I took hold of that brittle steering wheel and sat down careful to watch for snakes or poisonous spiders who might be living inside the car now that humans did not have it, but I did not see anything dangerous. I turned the steering wheel backward and forward and it was not in such a bad way that it broke. It stood my handling. I even opened the glove compartment to find a fiir-earm probably left there by the culprits who stripped the car before they were arrested . . .but no gun. No papers. Just a scared field mouse who ran for cover. And a rusty bobby-pin.
While sitting behind the brittle steering wheel, I just sat and said softly, might as well have a little fun, and so I did. I had a few toys to play with, but man, I was 12, a man of the world about to embark on a slice of real life. A man's life. Tough, hard to handle. I found out something on the front seat of that rusty '57 Chevy, any empire can be conquered in a short while if you believe the images that are produced by the imagination.
Now Say Hello to Liz
needless to say, was what you call gorgeous, but with a rural twist. She had a small southern drawl, but she was an older woman, 14, to be exact. She looked every bit the role of a worldly girl, hard to be deceived and not to be pushed down, and what this girl said was law. Some of the reasons that I loved her. I am sure that most of you guys had (a) Liz in your teenage years.
I remember it like it was a week ago (at that time). I was sitting in the '57 imagining that I was driving through a big city and smiling at all the pretty girls who were walking to and fro on the sidewalks. Suddenly I heard a soft voice asking if (she) could ride with me? One look sealed it. Sure. Just get in and we will ride until sunset. Liz was not sure how to understand my sense of humor, but she tried. I was always amazed at her pretty eyes set against her deep tan. And her mouth was so perfect that I almost fainted when she talked. I knew then and there that I would have Liz for my good friend for years to come.
One Saturday evening she walked to my '57 and began to talk to me. She said that her siblings and parents were headed to our hometown and just wanted to "ride" in my Chevy. Sure, my heart pounded. Okay. Each time that Liz came near my heart pounded The girl had the softest hands to be a country girl who knew what manual work meant. But I was not going to rock the boat.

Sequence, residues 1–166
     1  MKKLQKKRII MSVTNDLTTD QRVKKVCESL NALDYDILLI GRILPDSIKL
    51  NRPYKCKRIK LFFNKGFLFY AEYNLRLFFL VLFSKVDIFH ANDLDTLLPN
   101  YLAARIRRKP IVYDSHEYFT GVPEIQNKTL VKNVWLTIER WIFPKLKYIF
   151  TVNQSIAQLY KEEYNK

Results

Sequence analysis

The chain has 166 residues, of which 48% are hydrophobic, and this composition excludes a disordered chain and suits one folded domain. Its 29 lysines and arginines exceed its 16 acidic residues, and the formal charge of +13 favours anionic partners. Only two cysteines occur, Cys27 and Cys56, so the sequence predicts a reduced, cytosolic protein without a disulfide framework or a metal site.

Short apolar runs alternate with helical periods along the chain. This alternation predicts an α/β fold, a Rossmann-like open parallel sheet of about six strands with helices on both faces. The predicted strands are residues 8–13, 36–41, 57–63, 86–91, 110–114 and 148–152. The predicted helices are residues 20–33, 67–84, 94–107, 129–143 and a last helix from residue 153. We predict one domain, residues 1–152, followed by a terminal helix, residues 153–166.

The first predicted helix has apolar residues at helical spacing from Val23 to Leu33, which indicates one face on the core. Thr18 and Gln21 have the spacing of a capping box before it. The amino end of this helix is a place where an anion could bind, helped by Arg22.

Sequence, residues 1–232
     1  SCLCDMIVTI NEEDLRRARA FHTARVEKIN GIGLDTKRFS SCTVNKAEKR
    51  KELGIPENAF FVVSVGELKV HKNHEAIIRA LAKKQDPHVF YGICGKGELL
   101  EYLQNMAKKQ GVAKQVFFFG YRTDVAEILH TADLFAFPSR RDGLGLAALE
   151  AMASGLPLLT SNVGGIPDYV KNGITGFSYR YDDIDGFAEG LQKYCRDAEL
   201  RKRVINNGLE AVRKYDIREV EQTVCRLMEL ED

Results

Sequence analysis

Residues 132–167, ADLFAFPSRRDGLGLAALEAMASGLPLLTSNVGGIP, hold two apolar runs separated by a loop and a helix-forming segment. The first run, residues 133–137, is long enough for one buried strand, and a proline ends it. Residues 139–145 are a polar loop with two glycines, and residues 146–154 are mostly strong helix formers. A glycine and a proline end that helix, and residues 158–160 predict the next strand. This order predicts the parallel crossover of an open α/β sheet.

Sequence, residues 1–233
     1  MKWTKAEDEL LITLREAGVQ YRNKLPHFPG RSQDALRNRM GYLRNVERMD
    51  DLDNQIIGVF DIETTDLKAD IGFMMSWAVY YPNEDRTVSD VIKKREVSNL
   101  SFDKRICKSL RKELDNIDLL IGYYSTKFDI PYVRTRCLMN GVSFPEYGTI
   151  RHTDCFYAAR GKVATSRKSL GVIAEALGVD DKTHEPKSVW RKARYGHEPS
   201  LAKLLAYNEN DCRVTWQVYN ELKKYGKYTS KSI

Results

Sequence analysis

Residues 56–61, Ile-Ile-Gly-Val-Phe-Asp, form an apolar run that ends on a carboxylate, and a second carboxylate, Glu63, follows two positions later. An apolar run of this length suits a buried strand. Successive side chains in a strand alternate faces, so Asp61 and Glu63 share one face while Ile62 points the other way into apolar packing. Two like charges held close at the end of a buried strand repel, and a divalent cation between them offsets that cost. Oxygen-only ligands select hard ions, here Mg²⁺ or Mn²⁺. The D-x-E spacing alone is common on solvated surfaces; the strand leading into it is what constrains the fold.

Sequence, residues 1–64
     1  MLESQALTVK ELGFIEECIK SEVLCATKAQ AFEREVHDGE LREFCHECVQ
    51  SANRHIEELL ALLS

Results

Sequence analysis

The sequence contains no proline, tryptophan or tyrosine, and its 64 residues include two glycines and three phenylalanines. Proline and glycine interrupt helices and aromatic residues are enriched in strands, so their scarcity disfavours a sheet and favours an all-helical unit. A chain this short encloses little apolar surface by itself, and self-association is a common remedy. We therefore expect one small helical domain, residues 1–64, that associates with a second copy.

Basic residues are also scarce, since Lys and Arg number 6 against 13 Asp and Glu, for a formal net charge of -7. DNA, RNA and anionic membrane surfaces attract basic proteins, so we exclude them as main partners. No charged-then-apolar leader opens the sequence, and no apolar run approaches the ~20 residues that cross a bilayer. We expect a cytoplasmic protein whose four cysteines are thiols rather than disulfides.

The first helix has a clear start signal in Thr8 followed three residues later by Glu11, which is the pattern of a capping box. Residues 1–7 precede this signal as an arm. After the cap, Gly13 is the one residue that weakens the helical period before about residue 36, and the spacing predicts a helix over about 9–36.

Dreams Get Intense
when imaginations are running wide-open. Mine was. Liz only smiled and I think that she was amazed at how one clumsy 13-year-old could be so "out there" and stand upright. Talk about a sense of humor, she had one. Sharp. Almost too funny, but I liked Liz a lot.
On this particular Saturday evening, my chores were finished and my parents were inside our house watching TV and I suppose that they knew about Liz and me, but never made mention of it. I told her that this evening we are going to head to a big city, Birmingham, Ala., and she was excited. Go ahead, she said. We flew to this huge metropolitan town. We were both scared at the amont of cars and trucks running beside and back of us. Then she did something that I have always remembered: Liz slid across her side of the seat and over to me. Wow, I whispered. Well, what do you want to do, she asked with those blue eyes sparkling.
I told her that I wanted to take her to dinner at the most-extravagant place in Birmingham and she was so happy. She somehow just liked what I liked. Then I began to ask those purposeful questions such as: are you seeing someone? And, do you like being with me? Important things like that need to be found-out right at the beginning of any relationship.
You see? Liz and I at one time or the other attended New Home School, near Hamilton, Ala., but her family moved into a new school district, so she and her siblings had to ride a different bus. Thank God that we found each other. For once, I was happy.
Dreaming Can be Costly
if you do not know how to handle the dreams. Anyone with a sense of clairvoyance will tell you that. Liz and I were having some dinner in this fancy place that I had seen on my parents' black and white TV and the ad that got my attention was that of for a true dining experience, visit "Shubaker's, on Ninth Ave.," and this is where we ended-up. Liz was having a great time.
Suddenly a couple of gruff-looking guys in matching suits came toward our table. One of them pointed at us. Liz was instantly-scared. I was too. Before they could reach us, we made our way to the door and kept walking. Liz looked back a couple of times and the two guys were jogging toward us and why, we will never know.
We jumped into my good ole '57 Chevy, my dear pal, and started her up. I thought.